Guallar and Duthilleul, along with a group of experts, are following the building or renovation of two schools in Espoo, two in Järvenpää (Harjula is one of them) and two in Italy to understand better how the innovative buildings are conceived and later used. The knowledge gained could be shared with local governments in other countries planning education infrastructure.

    Some of the data gathered during the post-occupancy evaluation was made available at a Constructing Education event in Finland in mid-November. Järvenpää was not initially part of the project, but Narvo-Akkola got involved in the Constructing Education framework in her previous job as manager for district education in Espoo, which was funding education investments in part with loans from the European Investment Bank and Council of Europe Development Bank. She has continued to advise the project in her new role in Järvenpää.

    The European Investment Bank financed more than €9 billion in education infrastructure from 2017 to 2022, 97% of which was spent within the European Union. It provided around €1 billion for education projects in Finland alone. For its part, the Council of Europe Development Bank financed about €4 billion for projects with an education component in the same period, out of which €410 million went to Finland.

    It’s not necessarily about the amount of money that you spend, but also the efficiency with which you spend the money. It’s about targeting the right sectors in the right way.

    • Nihan Koseleci Blanchy – Senior education economist at the European Investment Bank

    Finland spends about 3.8% of its gross domestic product on primary and secondary education, which is in line with other wealthy countries like Belgium (4.2%), Germany (2.9%) or France (3.5%), according to the Organisation for Economic Co-operation and Development. “It’s not necessarily about the amount of money that you spend, but also the efficiency with which you spend the money,” says Nihan Koseleci Blanchy, a senior education economist at the European Investment Bank, who is responsible for the EU bank’s investments in Finland. “It’s about targeting the right sectors in the right way.”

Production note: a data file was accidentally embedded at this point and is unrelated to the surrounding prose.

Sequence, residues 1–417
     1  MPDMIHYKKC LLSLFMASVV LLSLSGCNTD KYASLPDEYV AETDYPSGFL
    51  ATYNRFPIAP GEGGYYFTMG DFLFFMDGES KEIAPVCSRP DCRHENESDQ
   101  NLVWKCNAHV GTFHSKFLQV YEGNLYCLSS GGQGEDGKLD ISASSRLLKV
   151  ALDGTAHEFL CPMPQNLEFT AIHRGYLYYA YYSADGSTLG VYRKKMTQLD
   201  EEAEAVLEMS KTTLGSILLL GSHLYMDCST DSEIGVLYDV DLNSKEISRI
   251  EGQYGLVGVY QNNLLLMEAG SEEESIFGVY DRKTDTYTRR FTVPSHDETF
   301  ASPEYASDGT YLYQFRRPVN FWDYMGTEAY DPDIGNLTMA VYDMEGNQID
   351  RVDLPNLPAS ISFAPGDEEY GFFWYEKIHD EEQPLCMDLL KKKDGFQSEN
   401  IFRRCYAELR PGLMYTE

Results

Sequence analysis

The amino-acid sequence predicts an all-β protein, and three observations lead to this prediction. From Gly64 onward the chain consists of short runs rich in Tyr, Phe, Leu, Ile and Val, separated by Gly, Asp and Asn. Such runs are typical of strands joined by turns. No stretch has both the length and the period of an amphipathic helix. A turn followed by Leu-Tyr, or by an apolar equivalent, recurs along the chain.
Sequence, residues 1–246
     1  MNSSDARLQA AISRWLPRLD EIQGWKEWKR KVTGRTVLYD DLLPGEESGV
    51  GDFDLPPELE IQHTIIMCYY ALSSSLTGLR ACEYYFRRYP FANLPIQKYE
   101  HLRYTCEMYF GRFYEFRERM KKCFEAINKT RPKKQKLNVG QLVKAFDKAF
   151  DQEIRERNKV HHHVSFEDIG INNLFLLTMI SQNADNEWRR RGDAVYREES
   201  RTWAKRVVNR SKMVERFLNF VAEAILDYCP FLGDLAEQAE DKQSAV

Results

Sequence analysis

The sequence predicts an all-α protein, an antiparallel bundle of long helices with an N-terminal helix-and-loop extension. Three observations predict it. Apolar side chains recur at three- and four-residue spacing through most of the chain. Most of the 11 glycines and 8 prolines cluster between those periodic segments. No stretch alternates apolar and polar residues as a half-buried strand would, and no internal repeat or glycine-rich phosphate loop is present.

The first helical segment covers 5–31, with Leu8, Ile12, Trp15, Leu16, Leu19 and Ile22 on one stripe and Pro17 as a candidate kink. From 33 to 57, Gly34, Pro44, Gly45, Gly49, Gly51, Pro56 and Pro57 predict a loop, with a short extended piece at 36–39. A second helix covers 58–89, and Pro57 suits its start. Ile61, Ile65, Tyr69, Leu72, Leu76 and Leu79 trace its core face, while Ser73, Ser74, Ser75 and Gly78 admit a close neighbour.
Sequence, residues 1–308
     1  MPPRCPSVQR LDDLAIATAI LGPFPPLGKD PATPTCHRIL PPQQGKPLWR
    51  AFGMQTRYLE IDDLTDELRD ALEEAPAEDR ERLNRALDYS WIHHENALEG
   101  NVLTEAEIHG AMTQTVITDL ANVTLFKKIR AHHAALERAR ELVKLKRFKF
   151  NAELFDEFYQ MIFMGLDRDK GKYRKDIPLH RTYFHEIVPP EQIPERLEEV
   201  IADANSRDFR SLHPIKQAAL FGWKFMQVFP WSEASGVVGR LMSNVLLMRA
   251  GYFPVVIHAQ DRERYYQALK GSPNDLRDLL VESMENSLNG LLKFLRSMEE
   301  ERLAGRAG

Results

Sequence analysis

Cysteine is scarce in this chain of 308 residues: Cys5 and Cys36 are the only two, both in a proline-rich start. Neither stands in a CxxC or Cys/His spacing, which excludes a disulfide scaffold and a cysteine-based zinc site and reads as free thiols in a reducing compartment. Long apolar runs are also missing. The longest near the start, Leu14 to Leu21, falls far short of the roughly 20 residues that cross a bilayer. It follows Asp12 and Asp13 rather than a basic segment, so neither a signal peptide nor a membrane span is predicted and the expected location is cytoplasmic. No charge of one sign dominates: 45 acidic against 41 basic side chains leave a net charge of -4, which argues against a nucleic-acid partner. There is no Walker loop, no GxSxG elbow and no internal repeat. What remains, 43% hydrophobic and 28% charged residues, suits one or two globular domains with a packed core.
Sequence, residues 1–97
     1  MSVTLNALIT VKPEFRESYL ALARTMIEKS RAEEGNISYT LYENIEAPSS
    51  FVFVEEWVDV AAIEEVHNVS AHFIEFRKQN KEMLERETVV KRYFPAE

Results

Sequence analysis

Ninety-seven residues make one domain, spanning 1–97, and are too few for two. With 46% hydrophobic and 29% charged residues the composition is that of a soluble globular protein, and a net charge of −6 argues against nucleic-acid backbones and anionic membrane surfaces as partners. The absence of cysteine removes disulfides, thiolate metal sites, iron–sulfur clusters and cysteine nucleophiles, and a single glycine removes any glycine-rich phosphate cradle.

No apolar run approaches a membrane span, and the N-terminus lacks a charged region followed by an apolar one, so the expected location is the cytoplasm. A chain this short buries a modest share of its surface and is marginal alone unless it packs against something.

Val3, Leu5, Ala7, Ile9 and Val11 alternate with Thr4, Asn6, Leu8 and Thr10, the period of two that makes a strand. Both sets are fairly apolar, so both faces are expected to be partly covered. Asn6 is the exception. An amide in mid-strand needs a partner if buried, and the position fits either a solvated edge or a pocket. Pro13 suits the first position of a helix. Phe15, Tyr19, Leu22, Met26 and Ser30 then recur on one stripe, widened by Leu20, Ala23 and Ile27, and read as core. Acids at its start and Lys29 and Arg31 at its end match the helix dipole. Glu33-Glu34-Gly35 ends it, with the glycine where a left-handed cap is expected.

The whole spring was hard because we were opening the school for the first time, and we were stressed about it. We had to succeed.

    • Tarja Edry – Principal, Harjulan School

    The approach gives Edry an enormous amount of power to remake her school into a more open, more flexible institution that embraces new approaches like team teaching, which the school began implementing before the move but which it expanded radically in the new building. “I tell candidates that if you are still interested, then you can come to the interview and see if you really like it.”

    The Herculean task of reinventing her school, however, took a toll on Edry. She and two assistants moved into the building in the spring of 2022. Wires jutted out of the walls. She spent three months with no internet and no telephone, even though she was still principal of the former school. “I couldn’t work,” she says. “The whole spring was hard because we were opening the school for the first time, and we were stressed about it. We had to succeed.”

    She pressed on through the summer to prepare the new campus, and then suffered from a burnout in the fall when the pressure finally lifted. Exhausted, she took a six-week medical leave to recover. The Constructing Education framework aims to provide funds to give principals, teachers and city officials the extra support they need when conceiving, building and moving into new, innovative schools.

    Mikkonen says that experience led Järvenpää to rethink how to better support principals during a big move. The city now puts an entire team of teachers, principals and other staff in place. “I’m sorry that Tarja had to experience that because we didn’t realise that moving in would be so hard,” he says, adding that the Harjula campus was the first big project for himself and Edry. “But now we have a system for how it should be done.”


    Tarja Edry, principal of Harjula School, stands between two classrooms separated by retractable walls, which enable teachers to combine groups of students.

    Songs about a dream school